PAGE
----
Stepanova’s family history is a dazzling reflection on forms of remembering. In the Russian original, the book is subtitled ‘a novel’, but In Memory of Memory doesn’t conform to any established genre. Photographs from family albums are described, but not reproduced, inviting the reader to imagine how the characters might have posed in front of the camera. Stepanova’s first-person narrative is interrupted by transcripts of surviving letters presented in a series of interludes, each of which is headed ‘Not-a-Chapter’. Alongside the stories of her relatives, past and present, she considers those writers, artists and thinkers who have been preoccupied with the practice of memory – many of them Russian or Jewish, or both.
One of them is Osip Mandelstam, who began his career longing to shed the ‘exoticness’ ascribed to his Jewishness and become part of ‘world culture’. By the 1920s, though, he was writing his ‘strange memoirs’, part of a wave of retrospection that took hold in parts of early 20th-century Europe even as a new civilisation was being constructed. Stepanova also considers the narrator of W.G. Sebald’s documentary fiction – who, after the catastrophe of the Holocaust, inventories objects, people and places as if to save them from inevitable annihilation. There’s also a compelling commentary on Charlotte Salomon’s Life? Or Theatre?, a series of 769 paintings which ‘work like the film of a family’s history, run from beginning to end as if everyone was dead and gone, including her’.
In contrast to these public lives, Stepanova’s family – though they fascinated her as a child – seem disappointingly ordinary: ‘I felt bound to notice that my ancestors had made hardly any attempt to make our family history interesting.’ She experienced a kind of shame on 9 May each year when other grandparents came into her school with their war medals and bouquets of flowers. Almost no one in Stepanova’s family was a Communist Party member, but there were also no outspoken dissidents. Instead of great artists or writers, her relatives were doctors, engineers, accountants, librarians and architects. To Stepanova, this invisibility, the hiddenness of her ancestors’ lives, seems unjust. She sees herself ‘peering out from intimate family conversations as if from under a fur cap, and addressing the railway station concourse of collective experience’.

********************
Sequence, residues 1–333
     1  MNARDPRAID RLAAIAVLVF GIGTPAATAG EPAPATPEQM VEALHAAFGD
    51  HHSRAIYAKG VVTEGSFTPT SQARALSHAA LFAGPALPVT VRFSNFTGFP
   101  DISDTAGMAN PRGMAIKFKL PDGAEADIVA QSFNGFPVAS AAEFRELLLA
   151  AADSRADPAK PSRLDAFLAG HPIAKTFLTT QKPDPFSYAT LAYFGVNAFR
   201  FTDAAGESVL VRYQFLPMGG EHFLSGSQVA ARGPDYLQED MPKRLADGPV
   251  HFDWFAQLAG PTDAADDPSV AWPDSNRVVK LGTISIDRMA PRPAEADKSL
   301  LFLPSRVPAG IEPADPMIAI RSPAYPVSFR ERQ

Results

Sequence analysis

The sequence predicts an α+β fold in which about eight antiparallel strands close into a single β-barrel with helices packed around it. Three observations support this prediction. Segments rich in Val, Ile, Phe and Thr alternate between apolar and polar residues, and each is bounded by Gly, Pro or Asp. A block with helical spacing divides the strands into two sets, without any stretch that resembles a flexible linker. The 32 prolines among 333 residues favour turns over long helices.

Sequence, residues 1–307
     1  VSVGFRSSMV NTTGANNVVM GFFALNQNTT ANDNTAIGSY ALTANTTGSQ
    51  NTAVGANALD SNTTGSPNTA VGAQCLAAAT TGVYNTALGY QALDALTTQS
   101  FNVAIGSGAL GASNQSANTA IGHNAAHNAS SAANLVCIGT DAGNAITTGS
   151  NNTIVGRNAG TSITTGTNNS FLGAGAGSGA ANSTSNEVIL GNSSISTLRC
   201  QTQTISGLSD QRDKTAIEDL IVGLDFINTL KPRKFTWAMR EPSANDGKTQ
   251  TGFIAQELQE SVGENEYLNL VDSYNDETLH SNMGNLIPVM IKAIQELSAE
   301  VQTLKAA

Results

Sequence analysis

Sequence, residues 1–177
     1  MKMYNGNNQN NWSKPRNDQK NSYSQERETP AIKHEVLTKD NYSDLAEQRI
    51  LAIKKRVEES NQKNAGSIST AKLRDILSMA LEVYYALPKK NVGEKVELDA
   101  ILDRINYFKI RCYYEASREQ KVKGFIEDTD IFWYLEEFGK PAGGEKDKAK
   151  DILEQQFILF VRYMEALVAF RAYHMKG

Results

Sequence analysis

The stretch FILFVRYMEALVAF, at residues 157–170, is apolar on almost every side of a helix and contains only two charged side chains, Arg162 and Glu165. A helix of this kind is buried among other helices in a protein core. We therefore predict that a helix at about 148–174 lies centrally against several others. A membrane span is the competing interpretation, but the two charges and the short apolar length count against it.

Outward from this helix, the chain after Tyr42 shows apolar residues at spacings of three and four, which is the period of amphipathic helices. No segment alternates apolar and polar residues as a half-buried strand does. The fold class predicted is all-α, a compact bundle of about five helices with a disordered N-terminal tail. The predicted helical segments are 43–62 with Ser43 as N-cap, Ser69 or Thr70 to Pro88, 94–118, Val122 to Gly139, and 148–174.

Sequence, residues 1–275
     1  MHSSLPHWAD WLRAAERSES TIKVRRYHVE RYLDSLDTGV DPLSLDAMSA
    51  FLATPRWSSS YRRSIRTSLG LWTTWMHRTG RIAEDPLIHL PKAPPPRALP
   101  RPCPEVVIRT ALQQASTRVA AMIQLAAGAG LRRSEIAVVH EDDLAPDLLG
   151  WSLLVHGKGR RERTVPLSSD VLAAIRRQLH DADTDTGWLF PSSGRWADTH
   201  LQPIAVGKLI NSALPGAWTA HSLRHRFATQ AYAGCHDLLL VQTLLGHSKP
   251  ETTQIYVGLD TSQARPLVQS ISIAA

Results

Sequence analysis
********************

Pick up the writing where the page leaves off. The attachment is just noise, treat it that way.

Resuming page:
If the book has a heroine, it is Stepanova’s great-grandmother. Sarra Ginzburg was born in 1885 in Pochinky, a small provincial town south of Nizhny Novgorod, one of fourteen (or maybe sixteen) children. Sarra’s father, Abram Ginzburg, was a wealthy merchant, though by the time Sarra had finished her education there was little money left. She studied first in a gymnasium in Nizhny Novgorod, where she joined a community of young revolutionaries. One of them was another Sarra, the sister of the future Bolshevik leader Yakov Sverdlov. Stepanova describes a photograph from 1905:
Great-grandmother Sarra, first on the left, looks older than her seventeen years. Her hat, the sort that’s fastened with pins, has slipped to the back of her head, a strand of hair has escaped and her round-cheeked face is red raw, you can see how cold she is. One of her hands is tucked into her coat’s cuffs, another is balled into a fist. Her right eye, injured on the barricades, is covered with a black bandage, like a pirate’s patch.
In 1907, Sarra spent time in prison in St Petersburg, after which she seems to have lost her zeal for revolution. A later photograph shows her in an anatomy class, one of six young women gathered around a corpse. Having abandoned radical politics, she found a different route out of Pochinky and ‘the musky, fur-clad world of Judaism’: the path of secular education. Fragments of correspondence survive from the six years she spent studying medicine in France, including postcards exchanged with her future husband, Mikhail Fridman. Their letters contain almost no Yiddish, no reference to Jewish tradition or rituals: like Mandelstam, they determinedly cast off the world of their parents.
Sarra returned to Russia in 1914, qualified as a doctor, married Mikhail (in 1915 or 1916), opened her own medical practice in Saratov – Mikhail’s home town – and had a daughter, Lyolya. Despite her early adventures in revolutionary politics, Sarra led what Stepanova saw as an ‘ordinary’ Soviet life: she worked as a doctor in Moscow, raised her daughter after Mikhail’s death and instilled in her the importance of education, a career and a sense of purpose. She avoided the fate of many of her earlier comrades on the barricades, arrested in 1937. She also escaped the anti-cosmopolitan campaigns of the Stalinist era: as a Jew educated overseas she was potentially vulnerable, but a stroke and the ‘senility’ that followed put her out of harm’s way.